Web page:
Understanding the Effects of Mold on Your Health and Wellbeing
An estimated 70% of homes have mold and it is highly unlikely that a dwelling in the world has no Stachybotrys spore, a common genus of mold. Mold found indoors can make its occupants sick affecting health and welfare. The good news is there is something you can do to eliminate the effects of mold. From regular cleaning to professional mold remediation, keeping a lid on infestations can help in boosting your health and promoting overall wellbeing.
The Health Effects of Mold
Respiratory problems are the most common reactions due to the presence of mold. You may experience chronic coughing and sneezing as well as irritation to the eyes, nose, and throat. Chronic fatigue and constant headaches are symptoms of mold exposure and even poisoning.
When you are not fit physically, it affects your mood and disposition. Stress, depression, and anxiety may develop that will have an impact on your wellbeing. Poor physical health increases the risks of mental health problems and vice-versa. Mental health issues also affect spirituality and anecdotal, quantitative, and qualitative evidence suggest a positive relationship between the two.
A high presence of spirituality in a person’s life decreases the chances of developing psychological issues that are, in turn, connected to the physical welfare of people.
Controlling Indoor Moisture
Thus, it is imperative that mold which has the potential to become a health hazard be controlled. One of the ways to avoid mold is to control indoor moisture. Keep living spaces dry, avoid building up water anywhere, air damp areas, and wipe wet shower walls and doors after use.
It’s also important to fix any leaks indoors and outdoors as well as use dehumidifiers and exhaust fans. In addition, stay vigilant and watch out for signs of mold which are usually a musty smell and black spots on walls.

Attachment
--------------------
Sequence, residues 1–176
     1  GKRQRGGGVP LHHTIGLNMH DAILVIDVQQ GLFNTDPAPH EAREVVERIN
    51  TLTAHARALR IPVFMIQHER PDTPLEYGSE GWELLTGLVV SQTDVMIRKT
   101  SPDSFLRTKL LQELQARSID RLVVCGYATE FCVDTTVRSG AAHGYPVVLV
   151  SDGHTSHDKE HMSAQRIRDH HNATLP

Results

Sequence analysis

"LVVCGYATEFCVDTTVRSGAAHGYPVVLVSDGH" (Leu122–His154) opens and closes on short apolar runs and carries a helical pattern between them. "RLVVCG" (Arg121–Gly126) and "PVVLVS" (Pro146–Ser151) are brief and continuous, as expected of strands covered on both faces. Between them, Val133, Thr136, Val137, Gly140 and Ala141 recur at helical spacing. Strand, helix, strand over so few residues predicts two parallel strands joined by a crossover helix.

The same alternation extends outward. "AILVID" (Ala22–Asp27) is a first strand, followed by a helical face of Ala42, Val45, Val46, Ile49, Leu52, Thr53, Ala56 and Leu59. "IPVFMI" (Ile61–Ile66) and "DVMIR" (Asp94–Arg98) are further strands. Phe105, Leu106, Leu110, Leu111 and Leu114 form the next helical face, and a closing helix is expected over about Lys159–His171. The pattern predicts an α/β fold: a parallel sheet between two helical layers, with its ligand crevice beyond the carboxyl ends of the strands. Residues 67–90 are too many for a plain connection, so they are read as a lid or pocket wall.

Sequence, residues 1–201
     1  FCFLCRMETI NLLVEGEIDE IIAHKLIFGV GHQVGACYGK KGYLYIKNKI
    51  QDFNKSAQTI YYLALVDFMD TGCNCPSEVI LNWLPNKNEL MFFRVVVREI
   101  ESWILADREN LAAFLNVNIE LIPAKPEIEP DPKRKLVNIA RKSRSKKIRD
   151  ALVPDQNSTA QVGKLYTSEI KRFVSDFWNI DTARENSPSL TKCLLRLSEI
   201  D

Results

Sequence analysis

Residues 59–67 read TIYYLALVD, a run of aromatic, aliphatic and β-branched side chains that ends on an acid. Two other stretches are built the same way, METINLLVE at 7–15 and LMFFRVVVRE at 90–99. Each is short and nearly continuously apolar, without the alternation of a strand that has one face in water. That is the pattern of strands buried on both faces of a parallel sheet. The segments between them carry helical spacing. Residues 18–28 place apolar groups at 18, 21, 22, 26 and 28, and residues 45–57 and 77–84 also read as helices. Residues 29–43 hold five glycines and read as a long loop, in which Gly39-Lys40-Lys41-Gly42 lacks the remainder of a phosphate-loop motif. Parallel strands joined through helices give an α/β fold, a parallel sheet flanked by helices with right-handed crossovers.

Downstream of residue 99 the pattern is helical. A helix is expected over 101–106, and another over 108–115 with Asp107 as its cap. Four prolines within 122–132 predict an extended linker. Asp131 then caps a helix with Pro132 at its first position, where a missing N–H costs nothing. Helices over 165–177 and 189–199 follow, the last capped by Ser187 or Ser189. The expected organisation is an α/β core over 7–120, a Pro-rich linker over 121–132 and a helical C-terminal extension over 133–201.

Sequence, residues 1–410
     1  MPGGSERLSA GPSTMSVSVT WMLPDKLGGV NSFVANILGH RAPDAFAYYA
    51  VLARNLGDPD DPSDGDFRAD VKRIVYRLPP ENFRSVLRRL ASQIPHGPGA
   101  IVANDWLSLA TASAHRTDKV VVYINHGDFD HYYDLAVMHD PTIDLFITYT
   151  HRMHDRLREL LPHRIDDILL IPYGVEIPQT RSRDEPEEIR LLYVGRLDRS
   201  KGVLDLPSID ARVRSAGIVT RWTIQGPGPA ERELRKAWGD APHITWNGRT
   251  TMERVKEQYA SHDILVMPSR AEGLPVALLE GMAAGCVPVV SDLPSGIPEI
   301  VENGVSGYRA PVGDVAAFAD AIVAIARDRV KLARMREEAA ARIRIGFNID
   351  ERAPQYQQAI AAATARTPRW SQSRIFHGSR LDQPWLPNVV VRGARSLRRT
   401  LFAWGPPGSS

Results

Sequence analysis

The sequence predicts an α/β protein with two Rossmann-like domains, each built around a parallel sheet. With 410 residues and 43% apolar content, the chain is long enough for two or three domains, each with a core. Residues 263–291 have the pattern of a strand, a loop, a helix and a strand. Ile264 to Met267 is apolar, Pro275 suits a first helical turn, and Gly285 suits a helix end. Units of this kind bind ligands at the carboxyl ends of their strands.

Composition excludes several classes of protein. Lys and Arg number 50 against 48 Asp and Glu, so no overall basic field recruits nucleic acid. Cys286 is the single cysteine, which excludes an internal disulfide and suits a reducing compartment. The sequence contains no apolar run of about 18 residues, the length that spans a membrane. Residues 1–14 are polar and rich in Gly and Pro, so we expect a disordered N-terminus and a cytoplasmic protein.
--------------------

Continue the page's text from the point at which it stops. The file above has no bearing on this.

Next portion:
If you suspect the presence of mold and do not see any indication, ask for mold remediation specialists and fix the problem before it gets out of hand. By improving indoor air, you stay healthy physically and mentally which boosts your overall welfare.
Bringing Mold Indoors
It’s not only indoors that you can get mold spores. When you’re outdoors, you are also carrying and breathing tiny mold spores which are generally harmless. You transport them on your shoes or through open windows from outside.
The problems arise when these spores encounter water because this is the time when they grow into mold that could affect your health. Therefore, pay attention when coming home from a walk in the woods, grocery shopping, or from work as you might have spores that are clinging to your shoes or clothes. Mold in the air outside can also be present in pets which can be transmitted indoors.
Diets and Recovering from A Mold Illness
Unfortunately, the food that you eat may also be contaminated with mold. Corn, wheat, barley, rye, peanuts, bread, and dried fruit may be infected with spores. When this happens, you might not feel well suffering from the symptoms of mold contamination.
This will also affect the way you feel physically and psychologically. As a precaution, avoid foods that are susceptible to mold infestation especially if you are recovering from a mold illness.
People can react differently to mold exposure. However, to avoid contamination, it is critical to limit contact with the potential toxin and where possible, prevent its growth indoors. Doing so will eliminate the effects of mold on your physical and mental health and overall wellbeing.